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By Madhur Singh
A nine-judge bench of the Supreme Court of India ruled Aug. 24 that privacy is a fundamental right and that “informational privacy is a facet of the right to privacy,” a decision that promises to influence a pending lawsuit over social media data sharing.
The ruling sets the stage for a final resolution of ongoing litigation over WhatsApp’s sharing of subscriber data with its parent Facebook Inc., which is slated for a court hearing Sept. 6. But other online companies, including Twitter Inc., also likely face closer regulatory scrutiny and the potential for a flood of litigation over corporate data-sharing practices, privacy attorneys told Bloomberg BNA.
The ruling “will have a tremendous impact on the privacy practices of any and all companies collecting data in India and from Indians,” Asheeta Regidi, a cyberlaw consultant and certified information privacy professional, told Bloomberg BNA.
The 547-page order from Chief Justice J.S. Khehar, who headed the rarely-deployed nine-judge Constitutional Bench, said the right to privacy is fundamental under the Constitution. However, “it is not an absolute right but is subject to certain reasonable restrictions, which the State is entitled to impose on the basis of social, moral and compelling public interest in accordance with law,” the opinion said.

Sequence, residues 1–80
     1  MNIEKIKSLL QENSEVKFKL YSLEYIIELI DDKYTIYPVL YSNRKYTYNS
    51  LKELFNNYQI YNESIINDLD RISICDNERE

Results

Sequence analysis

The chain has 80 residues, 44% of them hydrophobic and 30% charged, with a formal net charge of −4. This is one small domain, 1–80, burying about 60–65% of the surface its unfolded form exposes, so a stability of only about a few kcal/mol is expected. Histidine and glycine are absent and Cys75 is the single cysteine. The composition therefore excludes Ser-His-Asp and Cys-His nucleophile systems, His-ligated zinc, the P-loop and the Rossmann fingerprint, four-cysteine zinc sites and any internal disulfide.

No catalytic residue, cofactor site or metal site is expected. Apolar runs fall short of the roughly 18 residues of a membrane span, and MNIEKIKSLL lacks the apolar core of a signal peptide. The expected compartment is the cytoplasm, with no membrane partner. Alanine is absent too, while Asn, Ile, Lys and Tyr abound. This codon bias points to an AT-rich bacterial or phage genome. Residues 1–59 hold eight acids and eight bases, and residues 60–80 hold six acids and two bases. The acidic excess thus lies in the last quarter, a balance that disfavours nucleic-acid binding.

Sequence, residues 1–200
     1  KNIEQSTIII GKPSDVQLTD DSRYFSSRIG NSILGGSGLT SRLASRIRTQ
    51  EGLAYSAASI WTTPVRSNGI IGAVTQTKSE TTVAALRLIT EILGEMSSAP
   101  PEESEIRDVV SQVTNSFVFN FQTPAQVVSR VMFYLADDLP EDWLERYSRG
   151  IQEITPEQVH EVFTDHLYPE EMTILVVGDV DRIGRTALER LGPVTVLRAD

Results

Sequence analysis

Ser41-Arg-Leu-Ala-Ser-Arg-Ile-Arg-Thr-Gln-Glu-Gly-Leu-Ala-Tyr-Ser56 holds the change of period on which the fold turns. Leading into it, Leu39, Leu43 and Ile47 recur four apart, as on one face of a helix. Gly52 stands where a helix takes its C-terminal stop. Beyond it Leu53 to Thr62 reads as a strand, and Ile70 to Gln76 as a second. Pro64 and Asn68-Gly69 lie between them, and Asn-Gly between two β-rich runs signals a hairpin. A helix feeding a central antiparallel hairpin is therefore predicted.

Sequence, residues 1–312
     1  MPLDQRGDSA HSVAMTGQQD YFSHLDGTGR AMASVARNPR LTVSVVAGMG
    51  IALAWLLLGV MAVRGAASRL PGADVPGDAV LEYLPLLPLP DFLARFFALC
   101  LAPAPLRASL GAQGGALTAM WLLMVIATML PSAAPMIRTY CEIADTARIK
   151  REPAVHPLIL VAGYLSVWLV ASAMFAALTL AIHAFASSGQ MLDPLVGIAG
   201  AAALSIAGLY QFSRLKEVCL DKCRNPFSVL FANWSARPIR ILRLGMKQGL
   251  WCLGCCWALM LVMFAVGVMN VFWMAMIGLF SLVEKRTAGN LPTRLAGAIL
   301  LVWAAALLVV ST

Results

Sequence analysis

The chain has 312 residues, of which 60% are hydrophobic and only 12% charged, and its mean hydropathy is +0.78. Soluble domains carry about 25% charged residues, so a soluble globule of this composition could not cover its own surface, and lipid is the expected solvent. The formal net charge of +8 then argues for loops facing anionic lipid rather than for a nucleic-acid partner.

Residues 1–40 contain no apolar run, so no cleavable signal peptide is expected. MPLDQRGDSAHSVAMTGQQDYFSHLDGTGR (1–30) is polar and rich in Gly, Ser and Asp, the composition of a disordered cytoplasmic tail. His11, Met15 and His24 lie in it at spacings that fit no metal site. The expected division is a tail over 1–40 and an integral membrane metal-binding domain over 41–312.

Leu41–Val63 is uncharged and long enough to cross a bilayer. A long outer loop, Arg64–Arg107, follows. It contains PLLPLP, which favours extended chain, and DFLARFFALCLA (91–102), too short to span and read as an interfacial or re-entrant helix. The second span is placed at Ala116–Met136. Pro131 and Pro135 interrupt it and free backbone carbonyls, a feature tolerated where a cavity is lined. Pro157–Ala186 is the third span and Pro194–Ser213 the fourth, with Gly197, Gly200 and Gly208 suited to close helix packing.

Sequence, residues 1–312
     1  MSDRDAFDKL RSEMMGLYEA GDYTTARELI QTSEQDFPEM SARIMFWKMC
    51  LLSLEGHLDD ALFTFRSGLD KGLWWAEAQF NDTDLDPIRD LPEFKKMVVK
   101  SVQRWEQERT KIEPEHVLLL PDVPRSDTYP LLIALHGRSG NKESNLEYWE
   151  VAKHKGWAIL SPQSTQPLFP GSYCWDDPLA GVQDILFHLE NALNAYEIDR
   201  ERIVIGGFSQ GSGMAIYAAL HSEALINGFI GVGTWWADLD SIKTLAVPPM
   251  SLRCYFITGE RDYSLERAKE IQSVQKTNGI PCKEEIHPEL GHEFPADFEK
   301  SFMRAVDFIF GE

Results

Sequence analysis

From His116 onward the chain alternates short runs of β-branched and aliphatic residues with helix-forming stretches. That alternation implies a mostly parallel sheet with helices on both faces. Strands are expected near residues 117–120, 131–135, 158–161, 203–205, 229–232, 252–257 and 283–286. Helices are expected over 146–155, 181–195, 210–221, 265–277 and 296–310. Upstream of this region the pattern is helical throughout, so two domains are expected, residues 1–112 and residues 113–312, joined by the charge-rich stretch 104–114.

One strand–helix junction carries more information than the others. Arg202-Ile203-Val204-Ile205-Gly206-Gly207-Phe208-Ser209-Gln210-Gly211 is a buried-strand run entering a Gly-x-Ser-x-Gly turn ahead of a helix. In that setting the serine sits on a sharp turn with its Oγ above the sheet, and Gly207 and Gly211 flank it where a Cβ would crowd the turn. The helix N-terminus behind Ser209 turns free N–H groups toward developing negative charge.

The “right to privacy” has multiple facets, and privacy complaints should be considered on a case-to-case basis, the opinion said.
The opinion leaves room for court interpretation of the WhatsApp case and other privacy issues currently being litigated, including the government’s collection of citizen data under Aadhaar, its biometric identity card program.
A five-judge bench, which includes Khehar, that is hearing the challenge to Aadhaar had referred the question of whether privacy is a fundamental constitutional right to the nine-judge bench.
While a government committee works to finalize a privacy framework statute, there will be a period of uncertainty about how the ruling will play out for corporate privacy compliance.
Aarthi S. Anand, a corporate and technology transactions attorney at Wiggin & Dana LLP in New York, told Bloomberg BNA that legal uncertainty in India would make it difficult to advise companies on data collection and use issues. Those are “the types of questions that lawyers are asked by companies and clients every day,” she said.
A drawn-out legislative drafting process is “particularly unsuitable for the fast-paced technology industry,” she said.
Prashant Mali, a lawyer in the Bombay High Court and a cyber policy consultant, told Bloomberg BNA that uncertainty might lead to a “flood of frivolous challenges.”
Regidi said companies in India may want to preemptively assure consumers that they are enhancing privacy protection.
To contact the reporter on this story: Madhur Singh in Chandigarh, India at firstname.lastname@example.org
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The court's opinion is available at http://src.bna.com/rWM.
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